Additionally, my lecher detector sounded off around him.  He looked at me as if he were a starving predator and my precious, smooth, aromatic flesh were his prey.  In a way, the predator/prey dynamic was kind of hot because it aroused primal urges, but it was also creepy.  I was like a confused gazelle debating whether to run to or from the lion, knowing full well he wanted to eat me.  I expressed to him that he is a “lecherous fuck.”  He was amused by that name.

And, perhaps worst of all, he reminded me of my all time worst boyfriend.  For instance, when I was stepping off of the aircraft, he was instructing me on a specific way to do so.  I wasn’t quite following the choreographed steps he was describing.  I asked, “Why can’t I just jump off?”  He responded, “Why can’t you learn to do anything right?”  This echoed in my head for days.  It sounded like some of the condescending garbage my douche worst boyfriend of all time would say.  It wasn’t so much the statement itself that was cutting, but more the tone and the generalization about not being able to do anything right.   Also, he spewed a certain rhetoric about being kind to one’s fellow man, etc.  Too much soap box shit makes me skeptical.  The douche ex spewed similar rhetoric, except his was more geared towards honor, loyalty and courage.  He must have confused himself for King Arthur.  The disturbing part about dudes who talk too much about ideals is that their own actions fall far short of their speech.  It’s like they’re overcompensating.


F. Conclusion

As I mentioned in Section I above, the final contact I initiated with him was the birthday voicemail (which is too bad for him because I was planning on buying him airplane onesies for his birthday).  Subsequent to that contact, I struggled with the outcome of my relations with Mr. Plane.  At times, I thought that perhaps I had a ruined a golden opportunity.  But, then I’d change my mind and convince myself that my non-Goose-induced tantrum was my subconscious way of protecting myself from a potentially bad situation in which my defense mechanisms were dismantled and I was at the mercy of a master manipulator.  The struggle was ongoing for about a week.  (A week in MoMo-time is like a month in standard time.)

About a week later (10/11), I was sitting in  my office doing office things, when suddenly my device lit up.  It was Mr. Plane.  I answered with the customary “hello.”  No response.  Once again, I repeated, “Hello.”  Nothing. I hung up.  Less than a minute later, the device lit up again.  Guess who?  Lest the suspense kill you, it was Mr. Plane.  I once more “hello-d.” Nothing.   Then I said one final “hello.”  With that, I got a response.  Mr. Plane returned my hello.  He asked how I was doing.  In a very monotone voice I said I was doing well.  He then asked, “Did I call you or did you call me?”  I told him that he called me.  Twice.  He said, “Well, it was accidental.  I plugged my phone in to charge and came back and you were here.” I replied, “Ok.”  He continued, “What are you doing?”  I said, “Writing a letter.”  He asked, “What are you thinking about?”  I responded, “This letter I’m writing.”  Probably sensing that I wasn’t in the mood for peopletalk, he said, “Well, if you ever want to call to say hi, feel free to do so.” Right.  That’s exactly what I want to do…call and say hi.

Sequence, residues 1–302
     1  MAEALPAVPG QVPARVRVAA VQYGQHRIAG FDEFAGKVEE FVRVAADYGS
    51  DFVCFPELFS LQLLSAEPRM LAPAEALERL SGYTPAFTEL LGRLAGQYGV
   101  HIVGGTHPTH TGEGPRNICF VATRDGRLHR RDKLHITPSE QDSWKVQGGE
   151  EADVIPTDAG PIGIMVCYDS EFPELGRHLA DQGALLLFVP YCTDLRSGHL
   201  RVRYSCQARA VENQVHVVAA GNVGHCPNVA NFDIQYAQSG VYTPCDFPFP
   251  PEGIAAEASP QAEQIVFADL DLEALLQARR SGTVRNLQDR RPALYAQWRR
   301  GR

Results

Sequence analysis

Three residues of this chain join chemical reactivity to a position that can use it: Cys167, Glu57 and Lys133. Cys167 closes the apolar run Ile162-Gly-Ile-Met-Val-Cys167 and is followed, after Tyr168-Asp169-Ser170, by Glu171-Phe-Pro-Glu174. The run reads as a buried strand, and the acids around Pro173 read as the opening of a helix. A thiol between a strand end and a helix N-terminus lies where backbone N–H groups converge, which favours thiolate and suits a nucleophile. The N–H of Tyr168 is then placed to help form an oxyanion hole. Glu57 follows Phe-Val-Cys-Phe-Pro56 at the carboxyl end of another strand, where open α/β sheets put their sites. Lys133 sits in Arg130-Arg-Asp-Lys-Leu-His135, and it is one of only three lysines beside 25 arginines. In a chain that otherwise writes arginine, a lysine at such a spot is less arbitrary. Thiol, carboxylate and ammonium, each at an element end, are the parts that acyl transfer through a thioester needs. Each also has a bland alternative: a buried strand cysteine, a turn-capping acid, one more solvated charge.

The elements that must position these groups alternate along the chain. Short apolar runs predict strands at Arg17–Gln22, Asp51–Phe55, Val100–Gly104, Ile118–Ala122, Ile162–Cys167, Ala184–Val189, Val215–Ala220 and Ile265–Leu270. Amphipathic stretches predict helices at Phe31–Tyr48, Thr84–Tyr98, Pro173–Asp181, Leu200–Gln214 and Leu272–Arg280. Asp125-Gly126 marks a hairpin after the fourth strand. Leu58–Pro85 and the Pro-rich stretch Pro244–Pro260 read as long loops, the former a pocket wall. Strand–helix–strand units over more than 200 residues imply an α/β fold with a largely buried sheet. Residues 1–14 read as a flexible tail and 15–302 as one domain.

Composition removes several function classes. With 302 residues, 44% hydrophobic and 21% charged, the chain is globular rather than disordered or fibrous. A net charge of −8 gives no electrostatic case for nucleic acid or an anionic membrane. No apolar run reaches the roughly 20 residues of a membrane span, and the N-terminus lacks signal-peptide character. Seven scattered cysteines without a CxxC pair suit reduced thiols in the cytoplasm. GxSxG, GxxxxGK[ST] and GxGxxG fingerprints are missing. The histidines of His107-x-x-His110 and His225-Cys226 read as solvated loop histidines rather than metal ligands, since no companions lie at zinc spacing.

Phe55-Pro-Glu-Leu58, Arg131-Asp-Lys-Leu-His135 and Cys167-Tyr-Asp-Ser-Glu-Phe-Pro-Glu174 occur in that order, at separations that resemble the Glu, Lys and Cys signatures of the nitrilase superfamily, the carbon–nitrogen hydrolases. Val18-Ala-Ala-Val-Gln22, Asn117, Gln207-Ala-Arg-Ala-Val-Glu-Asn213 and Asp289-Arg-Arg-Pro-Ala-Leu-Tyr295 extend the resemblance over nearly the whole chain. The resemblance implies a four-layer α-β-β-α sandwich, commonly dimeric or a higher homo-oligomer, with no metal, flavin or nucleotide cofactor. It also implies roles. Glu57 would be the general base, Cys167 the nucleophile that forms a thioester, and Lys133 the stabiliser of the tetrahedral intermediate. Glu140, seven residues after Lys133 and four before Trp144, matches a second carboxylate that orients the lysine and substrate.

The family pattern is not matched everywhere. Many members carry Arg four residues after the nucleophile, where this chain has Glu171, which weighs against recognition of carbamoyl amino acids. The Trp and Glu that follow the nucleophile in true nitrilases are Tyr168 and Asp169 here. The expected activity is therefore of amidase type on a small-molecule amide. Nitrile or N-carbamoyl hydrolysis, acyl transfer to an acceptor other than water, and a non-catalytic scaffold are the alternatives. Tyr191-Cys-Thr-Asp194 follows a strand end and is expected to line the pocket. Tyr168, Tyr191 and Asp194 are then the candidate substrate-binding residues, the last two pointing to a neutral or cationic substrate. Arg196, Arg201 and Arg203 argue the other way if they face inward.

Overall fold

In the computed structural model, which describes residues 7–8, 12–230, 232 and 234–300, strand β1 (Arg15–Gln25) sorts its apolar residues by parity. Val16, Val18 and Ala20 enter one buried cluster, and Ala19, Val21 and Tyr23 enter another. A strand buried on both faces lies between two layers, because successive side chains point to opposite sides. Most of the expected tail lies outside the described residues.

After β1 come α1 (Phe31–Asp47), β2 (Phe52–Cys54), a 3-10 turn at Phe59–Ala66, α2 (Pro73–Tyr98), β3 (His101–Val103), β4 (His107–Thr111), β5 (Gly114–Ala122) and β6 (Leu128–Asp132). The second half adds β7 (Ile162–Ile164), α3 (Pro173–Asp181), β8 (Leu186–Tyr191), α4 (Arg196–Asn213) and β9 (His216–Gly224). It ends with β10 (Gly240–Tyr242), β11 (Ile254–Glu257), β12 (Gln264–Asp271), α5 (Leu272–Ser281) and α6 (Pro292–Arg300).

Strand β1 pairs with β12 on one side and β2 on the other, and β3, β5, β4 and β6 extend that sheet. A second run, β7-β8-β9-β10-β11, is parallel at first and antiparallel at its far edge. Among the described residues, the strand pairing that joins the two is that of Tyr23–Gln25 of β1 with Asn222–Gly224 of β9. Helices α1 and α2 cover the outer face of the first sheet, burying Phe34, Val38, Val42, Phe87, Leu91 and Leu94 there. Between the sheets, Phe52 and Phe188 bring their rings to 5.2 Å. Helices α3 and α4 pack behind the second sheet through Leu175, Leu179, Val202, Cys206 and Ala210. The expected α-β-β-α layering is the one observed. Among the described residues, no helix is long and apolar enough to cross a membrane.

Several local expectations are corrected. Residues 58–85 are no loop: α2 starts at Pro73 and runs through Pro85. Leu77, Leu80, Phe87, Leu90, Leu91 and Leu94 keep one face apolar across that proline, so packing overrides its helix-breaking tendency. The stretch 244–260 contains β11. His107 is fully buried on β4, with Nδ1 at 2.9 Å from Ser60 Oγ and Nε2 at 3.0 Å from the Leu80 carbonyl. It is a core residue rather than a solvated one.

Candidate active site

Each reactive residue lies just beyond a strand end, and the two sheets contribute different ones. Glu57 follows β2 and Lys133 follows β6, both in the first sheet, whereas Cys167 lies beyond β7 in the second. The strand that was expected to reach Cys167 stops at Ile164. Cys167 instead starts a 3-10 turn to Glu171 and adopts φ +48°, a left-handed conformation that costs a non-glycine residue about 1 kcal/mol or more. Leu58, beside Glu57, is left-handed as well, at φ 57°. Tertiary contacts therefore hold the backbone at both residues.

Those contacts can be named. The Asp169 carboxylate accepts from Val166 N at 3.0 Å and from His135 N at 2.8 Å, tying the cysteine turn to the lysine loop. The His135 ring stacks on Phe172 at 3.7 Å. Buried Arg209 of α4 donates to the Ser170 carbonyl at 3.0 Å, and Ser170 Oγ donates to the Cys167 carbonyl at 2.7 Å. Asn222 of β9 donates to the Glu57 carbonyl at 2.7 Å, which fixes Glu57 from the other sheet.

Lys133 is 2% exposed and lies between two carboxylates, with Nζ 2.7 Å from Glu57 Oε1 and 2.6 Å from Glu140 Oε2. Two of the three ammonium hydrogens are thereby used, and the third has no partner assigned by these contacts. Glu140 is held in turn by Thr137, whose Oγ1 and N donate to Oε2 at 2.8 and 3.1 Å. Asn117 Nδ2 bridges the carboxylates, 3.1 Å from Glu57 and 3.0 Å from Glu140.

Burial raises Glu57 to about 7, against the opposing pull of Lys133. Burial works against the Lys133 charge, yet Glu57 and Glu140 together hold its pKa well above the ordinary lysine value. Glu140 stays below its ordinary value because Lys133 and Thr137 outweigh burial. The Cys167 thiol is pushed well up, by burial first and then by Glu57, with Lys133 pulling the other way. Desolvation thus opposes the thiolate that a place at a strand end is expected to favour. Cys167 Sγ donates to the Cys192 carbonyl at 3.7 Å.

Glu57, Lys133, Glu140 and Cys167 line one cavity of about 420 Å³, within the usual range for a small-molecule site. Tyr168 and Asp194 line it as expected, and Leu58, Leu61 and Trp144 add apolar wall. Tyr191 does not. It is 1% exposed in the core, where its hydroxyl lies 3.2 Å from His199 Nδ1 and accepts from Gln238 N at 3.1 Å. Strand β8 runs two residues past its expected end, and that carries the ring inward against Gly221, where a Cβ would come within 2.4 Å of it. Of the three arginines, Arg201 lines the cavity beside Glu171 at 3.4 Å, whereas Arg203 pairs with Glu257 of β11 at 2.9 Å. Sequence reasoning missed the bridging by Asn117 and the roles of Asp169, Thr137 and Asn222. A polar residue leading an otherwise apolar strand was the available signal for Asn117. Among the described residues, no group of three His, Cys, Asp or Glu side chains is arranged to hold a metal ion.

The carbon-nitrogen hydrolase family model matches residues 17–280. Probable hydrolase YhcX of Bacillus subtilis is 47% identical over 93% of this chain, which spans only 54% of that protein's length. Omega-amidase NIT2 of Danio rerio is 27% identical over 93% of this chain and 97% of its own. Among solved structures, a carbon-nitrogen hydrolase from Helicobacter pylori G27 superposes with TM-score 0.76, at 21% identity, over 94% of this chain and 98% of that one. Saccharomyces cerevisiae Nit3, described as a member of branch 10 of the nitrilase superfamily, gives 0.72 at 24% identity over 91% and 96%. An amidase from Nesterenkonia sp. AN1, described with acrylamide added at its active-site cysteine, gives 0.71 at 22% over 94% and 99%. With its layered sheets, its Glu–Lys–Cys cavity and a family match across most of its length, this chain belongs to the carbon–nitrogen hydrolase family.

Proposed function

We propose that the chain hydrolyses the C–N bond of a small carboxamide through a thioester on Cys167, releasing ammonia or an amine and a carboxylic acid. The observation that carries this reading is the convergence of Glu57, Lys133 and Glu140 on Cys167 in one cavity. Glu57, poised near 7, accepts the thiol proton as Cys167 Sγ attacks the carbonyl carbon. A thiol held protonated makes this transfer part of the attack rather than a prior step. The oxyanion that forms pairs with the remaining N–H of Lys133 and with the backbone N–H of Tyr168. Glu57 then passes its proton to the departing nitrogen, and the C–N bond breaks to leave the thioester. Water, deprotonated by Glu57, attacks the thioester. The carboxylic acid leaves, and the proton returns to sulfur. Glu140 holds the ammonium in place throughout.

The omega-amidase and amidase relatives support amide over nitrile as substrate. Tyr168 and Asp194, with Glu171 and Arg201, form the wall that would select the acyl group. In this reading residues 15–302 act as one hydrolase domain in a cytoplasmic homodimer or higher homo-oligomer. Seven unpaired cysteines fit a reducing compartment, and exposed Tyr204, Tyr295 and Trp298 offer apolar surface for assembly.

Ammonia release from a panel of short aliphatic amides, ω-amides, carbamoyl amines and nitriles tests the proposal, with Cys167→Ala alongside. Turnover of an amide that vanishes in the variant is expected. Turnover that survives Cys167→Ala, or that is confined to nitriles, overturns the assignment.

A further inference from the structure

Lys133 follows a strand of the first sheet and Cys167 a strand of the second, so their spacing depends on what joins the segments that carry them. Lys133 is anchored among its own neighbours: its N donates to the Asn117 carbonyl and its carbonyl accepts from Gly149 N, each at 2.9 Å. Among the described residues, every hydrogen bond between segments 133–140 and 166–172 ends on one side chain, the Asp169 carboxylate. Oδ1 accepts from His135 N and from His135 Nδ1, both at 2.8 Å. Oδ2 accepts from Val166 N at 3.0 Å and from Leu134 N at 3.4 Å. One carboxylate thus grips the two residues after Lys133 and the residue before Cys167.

I felt compelled to confront him about his age, but I didn’t want to do it directly.  So, I said, “Well, I called you on your supposed birthday to wish you a happy birthday.”  He said, “My supposed birthday?” I replied, “Yup.”  He said, “I don’t know if I told you but I was out west visiting my brother for 5 days.” He had told me.  I responded, “So, how old did you turn?”  Nervous laughter.  He repeated the question (typical of liars – buying time to think up a response).  He then jokingly said, “Sixty.” I pressed the subject and once again asked how old he turned.  He responded, “Hold on a second.”  A few seconds later, he returned and said, “Hello?” I said, “Yeah?”  He said, “Hello?” I said, “Yeah?”  He said, “If you can hear me, give me a call later.” With that, he hung up.   The jig was up.

Supposedly, curiosity killed the cat.  Luckily, I’m not a cat.  I wanted confirmation that he was indeed 10-11 years older than he represented and I was now curious as to his marital status.  I’m a resourceful individual.  I dug up various public records (so that I could cross reference/verify).  Yes, he is indeed 42.  Thankfully, it does not appear he is married.  All of the elements described above made sense given his actual age (e.g., the “older” generation is less likely to be as prone to texting and online dating; a 42 year old is more likely to view a female in her mid-twenties as fresh meat; a 15 year age gap usually leads to power dynamics in which the older male is more dominating over the younger female than he would be of a female closer to his age).

Frankly, had he disclosed his age, I would not have taken much issue with it.  In closing, liars suck.   In the words of Herman Cain, “Let’s get Real.”


Your “likes” and comments are encouraged and appreciated.  Thanks.


Related Posts:
Gettin’ High to and from a Three Day First Date

A Piece of MoMo’s Mind: Why First Dates Involving Planes And Weekend Getaways Are Not A Good Idea. (Camping isn’t a good idea either.)

Princess MoMo on the Farm (Dates two and three with Mr. Plane)

Conversation re: Mr. Plane

comments: 5 »

5 Responses to “Turbulence: Mr. Plane the Finale”

  1. Good post. I remember — weeks ago when you told me this story — thinking to myself “32 year old dudes don’t have planes”. But then my next thought was “perhaps I’m just drawing that conclusion because I’m 31, drive a ’96 Corolla, and want to feel better about myself…stop hating, Patrick”. More evidence that your first answer is usually the correct one. Malcolm Gladwell wrote an entire book about that. And maybe I’ll read it one day.

  2. If nothing else, though, Mr. Plane gave you some cool stories to tell.

  3. True. My only regret is that more adventures weren’t had.

  4. Maybe he’ll “accidentally” call me again sometime.

  5. That last part of the story was a bit sad. A confident man doesn’t make such an “accidental” phone call. If this tale were a movie (I’ll use Boogie Nights for no non-arbitrary reason), that would have been the equivalent of the scene where Dirk Diggler jerks off in his car for a stranger for 20 bucks. Okay, that could maybe be considered a *little* bit of a stretch.